The Sunday Mail
VIEWED from the sky, the Afsluitdijk is like a long wall running 32 kilometres straight through the sea, defending Lake IJssel, the largest freshwater lake in the Netherlands, from the intrusion of seawater.
With a long drought this summer, the iconic Dutch flood control project, consisting of a major dam and a causeway, has kept its flood gates closed to prevent fresh water from flowing into the sea and help Lake IJssel maintain its water level.
For hundreds of years, flooding has always been a problem for the Dutch people, who have built infrastructures including dams and dykes to protect some 55 percent flood-prone areas in the country.
In recent years, however, the Netherlands has been experiencing extreme drought due to climate change, and water shortage is becoming a new challenge for the “land of water.”
This summer, the Netherlands has once again encountered an extreme drought, with the water level of inland rivers and lakes declining to historical lows. Agriculture, shipping and nature are particularly affected.
Besides imposing restrictions on farmland irrigation in some areas, the Dutch government has called on the public to save water, suggesting less car washing, less watering of flowers, and less bathing, etc.
At the same time, similar scenes of drought and water scarcity have occurred in some other European countries.
Ildiko Fonyodi, a 43-year-old Hungarian horse-riding trainer, had to quit her job at an equestrian center in the suburb of Budapest after the owners chose to close it because the drought had made the expenses unaffordable.
Her income was cut in half as she had to leave her students and 20 horses.
“Horses need hay and straw on a daily basis, but because of the aridity, it has become a very scarce and expensive commodity,” she explained to Xinhua.
“The wells of the center have also dried off, so after the practices, we cannot water the horses anymore. These are expensive and sensitive animals, worth tens of thousands of euros each, and we can only go through them with wet sponges,” she added.
In Slovenia, water-saving measures have been taken since early July, including restrictions on beach showers, lawn watering, car washes, swimming pool filling and private yard flushing.
By mid-July, restrictions were extended to agricultural irrigation and industrial water use. Recently, the hydropower station on the Soca River in the west of the country was forced to shut down twice due to low water level, affecting production and residents’ use of electricity.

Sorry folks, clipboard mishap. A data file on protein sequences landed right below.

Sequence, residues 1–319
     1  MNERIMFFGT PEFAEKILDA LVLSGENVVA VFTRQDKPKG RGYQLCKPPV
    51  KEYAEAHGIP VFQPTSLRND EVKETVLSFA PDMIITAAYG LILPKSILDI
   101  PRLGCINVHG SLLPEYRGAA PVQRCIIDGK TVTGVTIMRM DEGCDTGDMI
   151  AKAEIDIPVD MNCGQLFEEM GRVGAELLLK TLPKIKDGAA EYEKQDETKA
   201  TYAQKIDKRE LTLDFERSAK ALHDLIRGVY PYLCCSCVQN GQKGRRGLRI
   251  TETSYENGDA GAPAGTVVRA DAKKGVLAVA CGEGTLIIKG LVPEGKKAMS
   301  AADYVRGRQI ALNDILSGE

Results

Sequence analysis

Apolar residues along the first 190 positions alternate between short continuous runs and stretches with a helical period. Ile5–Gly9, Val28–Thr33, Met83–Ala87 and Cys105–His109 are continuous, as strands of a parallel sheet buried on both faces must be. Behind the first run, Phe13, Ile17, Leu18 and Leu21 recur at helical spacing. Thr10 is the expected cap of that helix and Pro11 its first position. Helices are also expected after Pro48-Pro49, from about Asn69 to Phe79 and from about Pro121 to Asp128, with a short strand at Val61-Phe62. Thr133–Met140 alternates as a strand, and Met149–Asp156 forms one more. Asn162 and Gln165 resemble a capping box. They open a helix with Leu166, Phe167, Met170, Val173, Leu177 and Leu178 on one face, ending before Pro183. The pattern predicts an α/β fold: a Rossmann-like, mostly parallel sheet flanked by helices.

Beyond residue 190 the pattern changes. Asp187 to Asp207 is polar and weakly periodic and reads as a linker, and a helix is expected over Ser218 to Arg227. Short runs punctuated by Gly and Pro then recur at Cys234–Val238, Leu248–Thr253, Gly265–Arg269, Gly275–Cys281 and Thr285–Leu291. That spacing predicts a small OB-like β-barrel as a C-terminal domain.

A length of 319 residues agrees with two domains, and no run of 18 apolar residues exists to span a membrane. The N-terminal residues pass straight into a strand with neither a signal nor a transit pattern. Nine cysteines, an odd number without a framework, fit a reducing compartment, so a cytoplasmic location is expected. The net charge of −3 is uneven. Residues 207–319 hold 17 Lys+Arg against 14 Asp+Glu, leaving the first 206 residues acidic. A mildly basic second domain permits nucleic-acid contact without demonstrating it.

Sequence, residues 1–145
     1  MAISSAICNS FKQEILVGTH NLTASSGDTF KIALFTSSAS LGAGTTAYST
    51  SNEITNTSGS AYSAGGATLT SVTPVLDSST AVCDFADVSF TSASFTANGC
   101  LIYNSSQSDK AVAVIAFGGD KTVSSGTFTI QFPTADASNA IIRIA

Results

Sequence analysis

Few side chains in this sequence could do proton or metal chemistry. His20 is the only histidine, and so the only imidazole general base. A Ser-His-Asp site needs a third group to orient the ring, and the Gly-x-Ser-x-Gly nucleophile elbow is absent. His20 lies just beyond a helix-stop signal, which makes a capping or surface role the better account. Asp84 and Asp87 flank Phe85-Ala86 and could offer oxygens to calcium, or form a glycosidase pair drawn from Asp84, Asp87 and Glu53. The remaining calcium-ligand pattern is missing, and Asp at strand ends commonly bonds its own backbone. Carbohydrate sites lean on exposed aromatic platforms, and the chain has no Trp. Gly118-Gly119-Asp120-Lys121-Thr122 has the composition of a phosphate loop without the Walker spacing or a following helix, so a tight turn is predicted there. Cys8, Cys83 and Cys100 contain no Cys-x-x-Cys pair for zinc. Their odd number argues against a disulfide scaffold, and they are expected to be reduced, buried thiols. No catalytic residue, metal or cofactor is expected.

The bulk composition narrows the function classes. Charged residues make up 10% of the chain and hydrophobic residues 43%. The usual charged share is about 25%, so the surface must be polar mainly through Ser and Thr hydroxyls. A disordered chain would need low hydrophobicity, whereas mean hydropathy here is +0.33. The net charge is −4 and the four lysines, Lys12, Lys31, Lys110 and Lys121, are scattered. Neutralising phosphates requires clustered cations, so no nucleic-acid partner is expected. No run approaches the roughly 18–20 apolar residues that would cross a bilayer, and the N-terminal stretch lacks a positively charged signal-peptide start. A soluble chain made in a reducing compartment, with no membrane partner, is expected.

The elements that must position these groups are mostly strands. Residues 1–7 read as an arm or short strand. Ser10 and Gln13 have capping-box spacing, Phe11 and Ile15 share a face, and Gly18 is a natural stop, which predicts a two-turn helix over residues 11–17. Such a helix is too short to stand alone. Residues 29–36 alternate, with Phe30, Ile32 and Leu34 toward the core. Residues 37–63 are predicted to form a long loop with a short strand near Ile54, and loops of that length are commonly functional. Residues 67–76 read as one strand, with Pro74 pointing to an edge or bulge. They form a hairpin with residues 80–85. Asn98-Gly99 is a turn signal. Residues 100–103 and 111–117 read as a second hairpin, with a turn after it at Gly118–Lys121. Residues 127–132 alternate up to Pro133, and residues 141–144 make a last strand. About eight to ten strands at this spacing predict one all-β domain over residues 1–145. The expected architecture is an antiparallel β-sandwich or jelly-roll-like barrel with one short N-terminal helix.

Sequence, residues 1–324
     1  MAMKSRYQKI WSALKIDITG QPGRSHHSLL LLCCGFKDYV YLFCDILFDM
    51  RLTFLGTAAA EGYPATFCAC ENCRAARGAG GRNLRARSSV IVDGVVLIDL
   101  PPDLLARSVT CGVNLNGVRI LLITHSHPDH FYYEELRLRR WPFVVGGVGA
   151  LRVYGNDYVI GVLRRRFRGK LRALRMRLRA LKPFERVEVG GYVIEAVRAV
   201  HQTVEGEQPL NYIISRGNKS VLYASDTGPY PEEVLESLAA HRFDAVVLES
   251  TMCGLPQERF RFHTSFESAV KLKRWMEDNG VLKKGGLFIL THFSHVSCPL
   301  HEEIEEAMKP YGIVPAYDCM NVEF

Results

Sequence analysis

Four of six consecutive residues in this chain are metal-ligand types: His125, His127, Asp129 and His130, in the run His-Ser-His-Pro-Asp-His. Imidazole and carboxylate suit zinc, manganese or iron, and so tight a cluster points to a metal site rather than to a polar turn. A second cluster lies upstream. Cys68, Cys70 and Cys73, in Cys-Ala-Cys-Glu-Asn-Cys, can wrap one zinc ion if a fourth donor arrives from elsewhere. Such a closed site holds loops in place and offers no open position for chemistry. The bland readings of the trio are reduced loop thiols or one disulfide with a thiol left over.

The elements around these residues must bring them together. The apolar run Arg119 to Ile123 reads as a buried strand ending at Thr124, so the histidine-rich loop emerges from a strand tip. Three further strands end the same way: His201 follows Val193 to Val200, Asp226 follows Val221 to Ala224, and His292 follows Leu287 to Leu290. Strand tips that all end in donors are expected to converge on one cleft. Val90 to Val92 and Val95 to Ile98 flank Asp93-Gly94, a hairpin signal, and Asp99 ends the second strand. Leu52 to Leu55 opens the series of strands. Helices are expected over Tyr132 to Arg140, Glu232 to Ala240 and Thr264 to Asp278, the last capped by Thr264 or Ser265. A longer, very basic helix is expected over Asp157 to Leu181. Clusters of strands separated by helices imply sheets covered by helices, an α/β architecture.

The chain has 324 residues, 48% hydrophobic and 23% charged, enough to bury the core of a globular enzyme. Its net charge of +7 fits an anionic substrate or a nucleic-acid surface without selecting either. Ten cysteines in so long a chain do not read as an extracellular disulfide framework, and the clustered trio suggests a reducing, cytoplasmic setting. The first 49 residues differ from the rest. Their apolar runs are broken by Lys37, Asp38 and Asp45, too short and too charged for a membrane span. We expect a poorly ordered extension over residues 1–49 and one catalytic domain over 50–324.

In Belgium, 18 cities in the southern French-speaking Wallonia region have also imposed water restrictions, with another five cities closely monitoring the situation. In Spain, some supermarkets have started rationing ice cubes, and several supermarket chains have limited customers to two bags of ice per person.
Climate experts point out that climate change is behind the current extreme drought in Europe.
Friederike Otto, a climatologist who works as a senior lecturer at the Grantham Institute for Climate Change and the Environment at Imperial College London, said global warming is responsible for the increase in droughts in many parts of Europe, especially the Mediterranean.
Dutch water expert Martin Drenth told Xinhua that the general trend in the future is that there will be more and regular droughts in Europe.
Mike Rivington, senior scientist at the James Hutton Institute in Britain, said the drought is “a warning sign” that water needs to be taken more seriously because of its impact on nature’s ability to function and provide society with the necessities of life.
The European Commission said in its Drought in Europe report in July that while drought mitigation strategies are of the utmost importance now, so is tackling the root cause of the problem: climate change and its disruption of the planet’s water cycle.
“Further efforts are needed also for preventively adapting to the changing weather patterns by climate-proofing energy supply and applying sustainable solutions in agriculture,” said the report. – Xinhua